Daniel Goldstein on Grappling With Grief and Memory in Unknown Soldier
The new musical, by Goldstein and the late Michael Friedman, takes on a new meaning since Friedman's death.
Daniel Goldstein describes the new musical Unknown Soldier as a show about understanding the present by excavating the past, and that synopsis rings true both onstage and off.
The musical is set across three generations: Ellen (both as a child and adult) grapples with her grandmother's history and the mysterious identity of her grandfather. The story is loosely inspired by a soldier found in the Lyon train station in France during World War I, whom several families tried to claim him as their own, resulting in a long, drawn-out court case.
"Michael [Friedman] and I were really interested in telling a sort of past and present mystery," Goldstein said, noting inspirations like Possession and Arcadia. "And I was trying to figure out how to live in the present means searching for what the past is."
Of course, there's a major figure from Goldman's own past that he's also investigating through this show: his co-writer. The acclaimed composer and lyricist died in 2017 from complications related to HIV, and for the production at Playwrights Horizons, his presence has loomed large in the rehearsal room and onstage.
"There's so much of Michael's voice in it," said Goldstein, who wrote the book of the musical and co-wrote the lyrics with Friedman. "It felt great and also painful to have him so present in the room. It's cathartic and amazing and also psychologically taxing in a way that we weren't quite aware of until we were through the first week of previews. But it's also so great to unearth that voice from wherever he is."
What was the biggest challenge for you in crafting a story that follows three generations?
Keeping the story simple as possible and also understanding where we plant clues for an audience so that they're drawn into the story, but have enough information to not make them confused. I think there are some literalists who will still be spending their time in this place, searching for exactitude rather than allowing the story to take them where it goes, but that's not who we're writing it for.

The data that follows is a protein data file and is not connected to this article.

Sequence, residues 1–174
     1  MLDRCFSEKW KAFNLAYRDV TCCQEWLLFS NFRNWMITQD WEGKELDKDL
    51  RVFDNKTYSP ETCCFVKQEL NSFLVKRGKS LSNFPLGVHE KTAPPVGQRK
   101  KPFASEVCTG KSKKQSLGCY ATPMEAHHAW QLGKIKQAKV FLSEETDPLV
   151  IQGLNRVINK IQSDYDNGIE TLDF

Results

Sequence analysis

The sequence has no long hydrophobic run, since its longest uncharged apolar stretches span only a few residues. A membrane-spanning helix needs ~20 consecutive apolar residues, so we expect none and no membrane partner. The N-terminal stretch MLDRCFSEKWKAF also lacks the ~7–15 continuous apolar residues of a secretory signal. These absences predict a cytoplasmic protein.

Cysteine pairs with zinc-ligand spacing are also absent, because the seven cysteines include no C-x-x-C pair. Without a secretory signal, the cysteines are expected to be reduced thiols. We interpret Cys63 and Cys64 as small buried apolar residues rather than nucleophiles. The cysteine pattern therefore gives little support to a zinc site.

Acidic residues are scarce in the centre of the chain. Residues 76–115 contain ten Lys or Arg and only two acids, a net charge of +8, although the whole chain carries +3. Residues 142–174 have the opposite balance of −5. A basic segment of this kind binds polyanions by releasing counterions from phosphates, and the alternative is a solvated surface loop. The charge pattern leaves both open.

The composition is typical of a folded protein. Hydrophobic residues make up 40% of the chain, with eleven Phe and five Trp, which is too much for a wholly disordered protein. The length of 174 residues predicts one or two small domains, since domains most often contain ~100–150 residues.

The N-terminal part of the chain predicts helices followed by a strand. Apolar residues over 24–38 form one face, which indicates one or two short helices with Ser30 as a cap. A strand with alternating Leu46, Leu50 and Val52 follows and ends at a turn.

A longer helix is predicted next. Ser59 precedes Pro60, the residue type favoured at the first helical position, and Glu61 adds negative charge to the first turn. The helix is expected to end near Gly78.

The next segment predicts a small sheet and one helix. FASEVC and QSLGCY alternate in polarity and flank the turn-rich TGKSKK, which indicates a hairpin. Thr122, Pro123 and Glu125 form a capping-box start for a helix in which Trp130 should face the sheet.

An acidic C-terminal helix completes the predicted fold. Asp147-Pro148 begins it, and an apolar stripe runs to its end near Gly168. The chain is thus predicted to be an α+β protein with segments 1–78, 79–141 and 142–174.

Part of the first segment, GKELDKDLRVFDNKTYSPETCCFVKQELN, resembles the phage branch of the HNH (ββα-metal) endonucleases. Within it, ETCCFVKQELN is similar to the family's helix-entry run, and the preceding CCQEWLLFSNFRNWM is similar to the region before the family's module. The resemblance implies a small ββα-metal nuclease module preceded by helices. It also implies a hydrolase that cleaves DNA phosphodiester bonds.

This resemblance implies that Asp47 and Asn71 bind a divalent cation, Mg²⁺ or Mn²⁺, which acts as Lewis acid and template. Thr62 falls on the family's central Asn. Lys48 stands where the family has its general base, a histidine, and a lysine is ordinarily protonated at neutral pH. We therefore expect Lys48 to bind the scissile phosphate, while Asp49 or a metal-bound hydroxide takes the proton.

You did a production of the show at Williamstown Theatre Festival in 2015. How has the musical evolved since then?
In 2015, before the last performance, Michael made me and [director] Trip [Cullman] go have ice cream at Lickety Split at the end of Main Street in Williamstown and talk about all the things that we wanted to change. We felt we had gotten a good sense of the present-day stories, but the past was a bit of a cipher... There's a moment where Lucy is putting out the breakfast for her husband and then realizes that he's gone — that was the song that I took from one of the songs at Williamstown and rewrote the lyric for this production so that we focus our attention on Lucy. Our hope was that as we're seeing Ellen and Andrew's story unfold, you're really seeing Lucy's in a co-equal way .
You've done a lot of work as a director and book writer, but is this the first time you've written lyrics for a show?
I never really thought of myself as lyricist. However, the way that Michael and I wrote required that I wrote some of the lyrics. So whether that was me writing a version of the lyrics and Michael writing the better version of it, or me writing something and him setting it, we ended up writing a lot of the lyrics together.
For instance, "Andrew's Story," a long song in the later part of the show, I wrote a big speech and I thought Michael would find a song in it and he ended up just setting it [to music].
What reactions or stories have you heard from people who have seen the show?
There have been a bunch of friends and colleagues there, and they all say the same thing, like, "It was so wonderful to hear his voice." And I also think this score is so different than anything else anyone really knows of his. It's like you're seeing a different side of this person you just never knew existed.
How is the show personal for you?
I related to it differently before Michael died, and now, there's a lot that I think about that has to do with the loss of him and what he was thinking about as he wrote this. But for me, it is a story about both loss and empathy and how as humans get older, our ability to empathize gets larger.
And something I certainly strive for in my daily life is to find places where I can have more empathy for people. I think people are very quick to judgment, myself included. And I think we should strive for that sense of looking at another human being, especially someone as close to you as your grandmother, and understanding not just that she is awful, but that there might be a reason why.